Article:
In a documentary or news program, the narrator walks briskly towards the camera for no good reason to convey a sense of "dynamic energy" or some such rubbish. Often parodied by having the announcer hit his head on the camera. May also include instances where the reporter/narrator walks toward the camera, not briskly, but kind of slowly as if to impart a sense of intimacy. A newsman's Power Walk.
- Parodied in the Monty Python's Flying Circus sketch "Hell's Grannies", where the reporter falls down an open manhole.
- Eric Idle used a variation in The Rutles, by walking toward a camera that continues to speed up until he's sprinting to keep up with it. Later on the same joke is used in reverse, with Idle walking in front of the accelerating camera truck until it runs him down, and he has to continue his narration from a hospital bed.
- Done constantly in the History Channel's "Underworld" series, in which the host never stops moving while talking to the camera. Indeed, most of the time he's running along after the camera while dramatic music plays, apparently trying to convince viewers that this documentary series is an Indiana Jones movie.
- Canadian news-entertainer Rick Mercer always does this for his rants, while the camera backs away to keep the same distance. He also turns a lot to keep it extra dynamic.
- The walking-into-a-pole version is being used in a US insurance company's ads, as of 2009. The best part is, it wasn't staged for the ad — it really happened. Chuck Storm is apparently a bit of a klutz.
- Used to good effect in an episode of the telecourse Discovering Psychology. The shot opens on Philip Zimbardo kneeling in front of a pond. He stands up and begins talking about how people create a "mental blueprint" of the world around them—and starts walking towards the camera, where the pond should be, according to our mental blueprint.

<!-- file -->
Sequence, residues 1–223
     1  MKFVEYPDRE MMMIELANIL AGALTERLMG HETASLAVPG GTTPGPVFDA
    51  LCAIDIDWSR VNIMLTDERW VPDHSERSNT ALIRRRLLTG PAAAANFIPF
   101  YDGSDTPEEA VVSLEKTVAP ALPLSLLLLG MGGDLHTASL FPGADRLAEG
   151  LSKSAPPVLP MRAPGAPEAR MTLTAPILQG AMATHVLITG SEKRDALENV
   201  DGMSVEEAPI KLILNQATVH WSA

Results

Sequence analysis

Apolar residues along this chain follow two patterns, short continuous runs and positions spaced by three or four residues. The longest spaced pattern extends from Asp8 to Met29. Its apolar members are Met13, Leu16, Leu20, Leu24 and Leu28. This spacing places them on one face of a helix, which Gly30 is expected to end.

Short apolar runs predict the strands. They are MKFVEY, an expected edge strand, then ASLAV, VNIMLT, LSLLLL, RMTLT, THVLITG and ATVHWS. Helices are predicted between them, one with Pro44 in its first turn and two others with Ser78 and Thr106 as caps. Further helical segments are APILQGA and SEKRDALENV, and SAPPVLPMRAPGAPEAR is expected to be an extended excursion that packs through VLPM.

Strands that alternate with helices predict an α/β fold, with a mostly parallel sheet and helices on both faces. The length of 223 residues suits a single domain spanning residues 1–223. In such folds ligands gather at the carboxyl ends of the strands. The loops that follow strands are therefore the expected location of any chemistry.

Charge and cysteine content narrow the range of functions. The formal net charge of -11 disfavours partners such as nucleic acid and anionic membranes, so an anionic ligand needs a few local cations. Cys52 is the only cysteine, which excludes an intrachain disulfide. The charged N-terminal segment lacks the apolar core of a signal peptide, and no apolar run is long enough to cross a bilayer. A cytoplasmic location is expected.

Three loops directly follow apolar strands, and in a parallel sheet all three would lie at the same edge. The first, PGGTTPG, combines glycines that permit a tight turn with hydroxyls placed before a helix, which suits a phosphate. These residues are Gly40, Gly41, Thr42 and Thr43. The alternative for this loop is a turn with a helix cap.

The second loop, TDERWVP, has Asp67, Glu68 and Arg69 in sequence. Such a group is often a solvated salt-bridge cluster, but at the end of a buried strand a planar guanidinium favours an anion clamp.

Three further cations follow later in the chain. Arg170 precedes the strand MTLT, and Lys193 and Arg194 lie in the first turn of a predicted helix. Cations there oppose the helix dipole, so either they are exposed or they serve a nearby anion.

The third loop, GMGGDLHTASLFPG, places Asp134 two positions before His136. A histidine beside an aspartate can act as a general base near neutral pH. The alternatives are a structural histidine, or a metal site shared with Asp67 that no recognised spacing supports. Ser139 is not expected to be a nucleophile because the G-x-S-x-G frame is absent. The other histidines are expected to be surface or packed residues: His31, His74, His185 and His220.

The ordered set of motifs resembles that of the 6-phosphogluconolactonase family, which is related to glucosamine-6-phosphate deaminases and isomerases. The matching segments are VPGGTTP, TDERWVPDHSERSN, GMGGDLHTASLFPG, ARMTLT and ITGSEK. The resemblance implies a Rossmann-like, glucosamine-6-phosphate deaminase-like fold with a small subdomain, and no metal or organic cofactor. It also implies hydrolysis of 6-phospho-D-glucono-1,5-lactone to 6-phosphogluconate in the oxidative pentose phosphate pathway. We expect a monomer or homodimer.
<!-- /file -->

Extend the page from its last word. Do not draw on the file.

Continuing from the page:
- Parodied on Charlie Brooker's Newswipe in the sketch "the world's most generic news report" 
Charlie: Next, a walkie-talkie preamble from the orator, pacing steadily toward the lens, punctuating every other sentence with a hand gesture, and ignoring all the pricks milling around him like he's going through the fucking Matrix, before coming to a halt and posing a question: What comes next?
- Parodied in a Mr. Show sketch, with David Cross playing a documentary show host. Whenever the camera cuts back to him, he starts at the back of the room and slowly walks forward as the camera zooms in. This happens several times until he runs out of room and hasn't finished his statement. After a moment of confusion, he steps back and the camera zooms out again so he can resume walking and talking.
- Cory Matthews attempts this in an episode of Boy Meets World while he and Topanga are filming a documentary for class.
- An Australian sketch comedy parodied this tendency in news reports with a sketch in which a reporter walked toward the camera, making dramatic arm gestures, while explaining that news reporters' mouths are directly connected to their limbs and they can't talk without also moving their arms and legs.